This memoir was Monks’s last salvo at his old foes, by turns self-defense and an uncompromising affirmation of the Radical Union cause in the Ozarks. The editors include a new biographical sketch of the author, fill in gaps in his narrative, identify all the people and places to which he refers, and offer a detailed index. Monks himself illustrated the volume with staged photographs of key events re-created by aged comrades who appear to have been just barely able to hoist the muskets they hold as props.
Julia Sweig shatters the mythology surrounding the Cuban Revolution in a compelling revisionist history that reconsiders the revolutionary roles of Fidel Castro and Che Guevara and restores to a central position the leadership of the Cuban urban underground, the Llano. Granted unprecedented access to the classified records of Castro's 26th of July Movement's underground operatives--the only scholar inside or outside of Cuba allowed access to the complete collection in the Cuban Council of State's Office of Historic Affairs--she details the ideological, political, and strategic debates between Castro's mountain-based guerrilla movement and the urban revolutionaries in Havana, Santiago, and other cities.
In a close study of the fifteen months from November 1956 to July 1958, when the urban underground leadership was dominant, Sweig examines the debate between the two groups over whether to wage guerrilla warfare in the countryside or armed insurrection in the cities, and is the first to document the extent of Castro's cooperation with the Llano. She unveils the essential role of the urban underground, led by such figures as Frank País, Armando Hart, Haydée Santamaria, Enrique Oltuski, and Faustino Pérez, in controlling critical decisions on tactics, strategy, allocation of resources, and relations with opposition forces, political parties, Cuban exiles, even the United States--contradicting the standard view of Castro as the primary decision maker during the revolution.
In revealing the true relationship between Castro and the urban underground, Sweig redefines the history of the Cuban Revolution, offering guideposts for understanding Cuban politics in the 1960s and raising intriguing questions for the future transition of power in Cuba.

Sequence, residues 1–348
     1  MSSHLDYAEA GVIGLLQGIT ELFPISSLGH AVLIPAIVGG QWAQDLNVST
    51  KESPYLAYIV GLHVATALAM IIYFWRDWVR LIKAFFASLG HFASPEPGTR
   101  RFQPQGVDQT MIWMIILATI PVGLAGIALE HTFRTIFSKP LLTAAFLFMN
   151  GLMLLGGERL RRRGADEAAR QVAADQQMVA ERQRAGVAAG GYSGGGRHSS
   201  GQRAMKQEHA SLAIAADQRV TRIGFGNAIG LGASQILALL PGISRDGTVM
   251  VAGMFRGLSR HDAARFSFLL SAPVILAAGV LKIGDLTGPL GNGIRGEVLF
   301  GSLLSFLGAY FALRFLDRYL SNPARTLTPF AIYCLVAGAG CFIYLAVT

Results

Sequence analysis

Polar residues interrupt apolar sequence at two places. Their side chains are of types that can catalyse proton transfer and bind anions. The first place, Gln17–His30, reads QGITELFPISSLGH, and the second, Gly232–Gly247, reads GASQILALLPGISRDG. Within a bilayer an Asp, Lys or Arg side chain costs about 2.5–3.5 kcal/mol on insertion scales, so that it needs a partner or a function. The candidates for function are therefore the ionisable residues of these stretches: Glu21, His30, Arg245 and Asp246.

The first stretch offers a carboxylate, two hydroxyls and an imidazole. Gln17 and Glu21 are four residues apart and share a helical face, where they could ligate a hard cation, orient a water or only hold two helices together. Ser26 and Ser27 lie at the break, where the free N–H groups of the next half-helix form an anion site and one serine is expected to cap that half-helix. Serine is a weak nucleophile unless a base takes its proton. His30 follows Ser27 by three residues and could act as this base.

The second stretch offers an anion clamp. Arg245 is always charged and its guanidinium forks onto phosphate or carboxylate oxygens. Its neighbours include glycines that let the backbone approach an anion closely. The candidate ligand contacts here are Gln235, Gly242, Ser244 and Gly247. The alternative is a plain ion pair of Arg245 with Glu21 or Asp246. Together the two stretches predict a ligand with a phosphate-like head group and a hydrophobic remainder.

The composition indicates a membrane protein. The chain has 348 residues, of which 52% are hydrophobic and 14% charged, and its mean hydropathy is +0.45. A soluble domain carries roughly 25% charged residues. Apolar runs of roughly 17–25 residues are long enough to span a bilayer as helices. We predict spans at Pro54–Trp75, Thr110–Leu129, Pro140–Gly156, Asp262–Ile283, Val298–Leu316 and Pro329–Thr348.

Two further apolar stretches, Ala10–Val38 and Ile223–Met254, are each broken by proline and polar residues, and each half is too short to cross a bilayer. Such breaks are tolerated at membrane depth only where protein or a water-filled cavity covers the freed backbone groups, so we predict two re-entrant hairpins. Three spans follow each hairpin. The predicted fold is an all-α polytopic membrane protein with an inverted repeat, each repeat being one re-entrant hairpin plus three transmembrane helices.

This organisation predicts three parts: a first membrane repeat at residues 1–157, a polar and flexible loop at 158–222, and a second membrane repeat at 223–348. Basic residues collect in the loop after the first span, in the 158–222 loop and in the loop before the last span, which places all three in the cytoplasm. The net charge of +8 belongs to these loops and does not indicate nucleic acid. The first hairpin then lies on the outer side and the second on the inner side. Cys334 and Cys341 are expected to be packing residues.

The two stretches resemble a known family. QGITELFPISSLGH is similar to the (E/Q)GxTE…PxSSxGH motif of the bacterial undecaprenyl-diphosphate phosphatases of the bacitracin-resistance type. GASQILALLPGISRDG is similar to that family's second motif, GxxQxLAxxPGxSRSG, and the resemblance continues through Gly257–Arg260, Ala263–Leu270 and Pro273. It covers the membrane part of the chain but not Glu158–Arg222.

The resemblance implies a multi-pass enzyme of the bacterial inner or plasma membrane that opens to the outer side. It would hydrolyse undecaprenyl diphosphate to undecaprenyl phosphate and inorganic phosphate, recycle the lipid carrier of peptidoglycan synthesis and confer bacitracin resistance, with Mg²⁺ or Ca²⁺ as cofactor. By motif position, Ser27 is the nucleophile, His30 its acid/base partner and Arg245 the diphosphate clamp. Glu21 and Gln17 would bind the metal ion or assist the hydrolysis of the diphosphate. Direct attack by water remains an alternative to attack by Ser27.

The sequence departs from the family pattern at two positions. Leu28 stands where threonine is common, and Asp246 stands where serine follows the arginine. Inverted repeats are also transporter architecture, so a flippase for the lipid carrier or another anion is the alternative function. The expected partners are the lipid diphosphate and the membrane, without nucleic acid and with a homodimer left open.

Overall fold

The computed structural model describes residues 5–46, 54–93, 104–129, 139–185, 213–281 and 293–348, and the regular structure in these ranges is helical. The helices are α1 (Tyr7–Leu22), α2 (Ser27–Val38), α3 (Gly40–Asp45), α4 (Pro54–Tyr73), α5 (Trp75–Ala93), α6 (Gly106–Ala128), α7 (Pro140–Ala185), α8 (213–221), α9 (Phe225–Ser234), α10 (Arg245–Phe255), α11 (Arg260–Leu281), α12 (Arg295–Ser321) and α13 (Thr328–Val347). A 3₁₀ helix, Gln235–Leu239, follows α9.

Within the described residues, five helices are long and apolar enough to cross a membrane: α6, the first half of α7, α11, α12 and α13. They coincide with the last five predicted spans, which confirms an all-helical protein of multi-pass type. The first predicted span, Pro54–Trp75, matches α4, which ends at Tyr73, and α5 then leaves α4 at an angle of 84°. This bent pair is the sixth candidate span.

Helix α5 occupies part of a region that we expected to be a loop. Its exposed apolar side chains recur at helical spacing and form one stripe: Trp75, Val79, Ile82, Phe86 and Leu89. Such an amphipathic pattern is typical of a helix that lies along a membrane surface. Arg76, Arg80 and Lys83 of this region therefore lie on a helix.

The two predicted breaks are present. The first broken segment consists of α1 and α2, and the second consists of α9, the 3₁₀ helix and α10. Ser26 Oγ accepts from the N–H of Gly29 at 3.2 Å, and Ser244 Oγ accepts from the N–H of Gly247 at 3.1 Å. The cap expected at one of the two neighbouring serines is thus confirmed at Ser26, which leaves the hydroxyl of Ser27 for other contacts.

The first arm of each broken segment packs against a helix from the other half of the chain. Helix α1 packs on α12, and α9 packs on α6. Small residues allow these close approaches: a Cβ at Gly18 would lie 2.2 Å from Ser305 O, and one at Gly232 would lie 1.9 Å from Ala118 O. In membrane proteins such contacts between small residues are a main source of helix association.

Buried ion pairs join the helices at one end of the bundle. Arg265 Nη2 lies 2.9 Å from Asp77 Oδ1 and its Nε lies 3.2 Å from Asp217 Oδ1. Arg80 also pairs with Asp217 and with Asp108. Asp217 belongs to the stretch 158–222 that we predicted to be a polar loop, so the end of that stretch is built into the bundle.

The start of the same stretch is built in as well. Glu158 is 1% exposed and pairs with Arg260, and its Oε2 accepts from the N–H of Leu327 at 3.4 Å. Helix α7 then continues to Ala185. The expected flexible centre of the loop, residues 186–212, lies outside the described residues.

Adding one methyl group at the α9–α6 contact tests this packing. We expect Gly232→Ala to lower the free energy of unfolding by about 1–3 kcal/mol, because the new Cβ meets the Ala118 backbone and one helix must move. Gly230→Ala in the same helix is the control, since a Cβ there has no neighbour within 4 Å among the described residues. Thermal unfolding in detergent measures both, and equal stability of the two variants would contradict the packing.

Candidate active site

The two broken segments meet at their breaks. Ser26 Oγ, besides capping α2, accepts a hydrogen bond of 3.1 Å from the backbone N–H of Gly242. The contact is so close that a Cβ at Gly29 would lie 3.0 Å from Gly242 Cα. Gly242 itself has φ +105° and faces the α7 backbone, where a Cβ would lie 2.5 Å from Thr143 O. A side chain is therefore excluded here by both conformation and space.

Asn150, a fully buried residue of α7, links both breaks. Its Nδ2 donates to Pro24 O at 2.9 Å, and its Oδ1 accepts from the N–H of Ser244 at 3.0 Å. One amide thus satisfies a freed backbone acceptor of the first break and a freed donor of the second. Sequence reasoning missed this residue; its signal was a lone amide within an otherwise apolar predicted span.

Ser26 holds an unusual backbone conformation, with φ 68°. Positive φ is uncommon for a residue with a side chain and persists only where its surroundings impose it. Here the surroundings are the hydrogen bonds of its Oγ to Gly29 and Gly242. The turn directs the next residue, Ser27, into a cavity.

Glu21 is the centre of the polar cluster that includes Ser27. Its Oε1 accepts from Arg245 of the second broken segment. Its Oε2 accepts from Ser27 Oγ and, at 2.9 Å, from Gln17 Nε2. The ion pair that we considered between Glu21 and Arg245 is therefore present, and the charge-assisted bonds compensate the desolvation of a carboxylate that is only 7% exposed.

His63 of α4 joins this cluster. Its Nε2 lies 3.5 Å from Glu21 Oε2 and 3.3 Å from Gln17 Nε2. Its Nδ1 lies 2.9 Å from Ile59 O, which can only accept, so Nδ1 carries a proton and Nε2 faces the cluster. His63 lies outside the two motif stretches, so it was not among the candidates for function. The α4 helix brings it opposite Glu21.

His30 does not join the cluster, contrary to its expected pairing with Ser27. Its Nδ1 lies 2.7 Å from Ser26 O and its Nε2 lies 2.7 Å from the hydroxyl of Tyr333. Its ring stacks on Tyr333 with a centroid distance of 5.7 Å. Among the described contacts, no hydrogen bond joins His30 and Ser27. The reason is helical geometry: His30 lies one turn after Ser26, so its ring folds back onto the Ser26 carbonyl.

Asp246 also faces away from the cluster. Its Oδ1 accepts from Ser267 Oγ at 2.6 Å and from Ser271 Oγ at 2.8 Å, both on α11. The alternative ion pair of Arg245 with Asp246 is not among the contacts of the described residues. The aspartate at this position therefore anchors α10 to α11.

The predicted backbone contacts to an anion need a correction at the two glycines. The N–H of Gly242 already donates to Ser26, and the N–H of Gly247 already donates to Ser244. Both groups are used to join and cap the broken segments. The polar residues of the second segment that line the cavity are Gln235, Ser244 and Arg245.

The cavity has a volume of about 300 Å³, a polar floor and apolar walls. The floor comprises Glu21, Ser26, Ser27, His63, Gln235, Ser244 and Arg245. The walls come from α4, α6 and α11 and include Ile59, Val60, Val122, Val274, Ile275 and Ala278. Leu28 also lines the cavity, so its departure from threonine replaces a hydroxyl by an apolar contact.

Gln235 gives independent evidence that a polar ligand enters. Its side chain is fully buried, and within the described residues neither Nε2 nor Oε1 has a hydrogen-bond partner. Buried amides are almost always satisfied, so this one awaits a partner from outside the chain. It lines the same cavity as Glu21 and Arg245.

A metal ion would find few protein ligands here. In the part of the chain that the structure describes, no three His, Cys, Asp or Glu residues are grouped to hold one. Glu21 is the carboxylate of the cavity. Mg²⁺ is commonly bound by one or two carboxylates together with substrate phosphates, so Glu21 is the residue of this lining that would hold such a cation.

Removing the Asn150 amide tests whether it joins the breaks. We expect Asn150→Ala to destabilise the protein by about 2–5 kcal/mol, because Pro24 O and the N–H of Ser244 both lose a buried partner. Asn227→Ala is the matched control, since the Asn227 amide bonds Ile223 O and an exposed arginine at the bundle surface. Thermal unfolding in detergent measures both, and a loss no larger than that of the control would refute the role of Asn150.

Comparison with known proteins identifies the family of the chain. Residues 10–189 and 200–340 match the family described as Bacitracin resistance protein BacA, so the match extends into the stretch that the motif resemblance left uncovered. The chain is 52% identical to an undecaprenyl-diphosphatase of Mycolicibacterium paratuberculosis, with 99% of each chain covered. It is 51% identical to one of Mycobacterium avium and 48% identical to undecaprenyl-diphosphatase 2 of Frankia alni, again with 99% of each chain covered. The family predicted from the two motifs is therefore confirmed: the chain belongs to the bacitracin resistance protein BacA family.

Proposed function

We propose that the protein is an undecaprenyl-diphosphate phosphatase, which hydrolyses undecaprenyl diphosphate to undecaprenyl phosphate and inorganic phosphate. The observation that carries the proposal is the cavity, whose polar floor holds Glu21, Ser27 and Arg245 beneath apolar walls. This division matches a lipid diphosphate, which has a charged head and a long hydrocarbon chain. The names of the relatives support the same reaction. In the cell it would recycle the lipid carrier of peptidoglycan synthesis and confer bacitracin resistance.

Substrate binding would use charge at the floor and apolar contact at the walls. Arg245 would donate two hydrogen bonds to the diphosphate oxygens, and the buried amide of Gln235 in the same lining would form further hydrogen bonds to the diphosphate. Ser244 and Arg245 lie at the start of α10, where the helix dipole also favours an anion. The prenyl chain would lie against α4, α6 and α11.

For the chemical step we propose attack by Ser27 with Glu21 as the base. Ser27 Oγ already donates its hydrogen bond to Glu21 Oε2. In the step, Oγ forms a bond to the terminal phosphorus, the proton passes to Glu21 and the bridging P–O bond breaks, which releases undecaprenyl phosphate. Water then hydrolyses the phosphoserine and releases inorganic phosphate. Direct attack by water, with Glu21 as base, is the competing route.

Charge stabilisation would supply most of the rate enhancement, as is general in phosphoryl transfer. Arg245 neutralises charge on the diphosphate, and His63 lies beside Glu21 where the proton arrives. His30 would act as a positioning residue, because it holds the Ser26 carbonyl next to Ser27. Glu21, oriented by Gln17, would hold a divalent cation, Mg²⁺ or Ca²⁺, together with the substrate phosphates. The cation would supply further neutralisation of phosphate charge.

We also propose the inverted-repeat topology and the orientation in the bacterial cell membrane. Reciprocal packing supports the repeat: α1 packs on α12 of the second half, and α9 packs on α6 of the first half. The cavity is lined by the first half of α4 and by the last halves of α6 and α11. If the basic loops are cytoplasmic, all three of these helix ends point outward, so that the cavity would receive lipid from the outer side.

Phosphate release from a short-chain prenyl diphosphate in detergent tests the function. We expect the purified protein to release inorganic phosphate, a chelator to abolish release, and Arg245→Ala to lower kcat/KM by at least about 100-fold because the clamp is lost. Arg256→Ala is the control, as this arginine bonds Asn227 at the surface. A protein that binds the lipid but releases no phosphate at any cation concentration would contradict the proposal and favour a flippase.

One of the enduring myths about World War Two is that only the Allies liberated occupied Europe. Many countries had anti-fascist Resistance movements, and Italy's was one of the biggest and most politically radical yet it remains relatively unknown outside of its own homeland.
Within Italy many plaques and streets commemorate the actions of the partisans - a movement from below that grew as Mussolini's dictatorship unravelled. Led by radical left forces, the Resistance trod a thin line between fighting their enemies at home and maintaining an uneasy working relationship with the Allies.
Essential for courses on World War Two and European history, Tom Behan uses unpublished archival material and interviews with surviving partisans to tell an inspiring story of liberation.
The Civil War in Missouri was a time of great confusion, violence, and destruction. Although several major battles were fought in the state between Confederate and Union forces, much of the fighting in Missouri was an ugly form of terrorism carried out by loose bands of Missouri guerrillas, by Kansas "Jayhawkers," or by marauding patrols of Union soldiers. This irregular warfare provided a training ground for people like Jesse and Frank James who, after the war, used their newly learned skills to form an outlaw band that ultimately became known all over the world.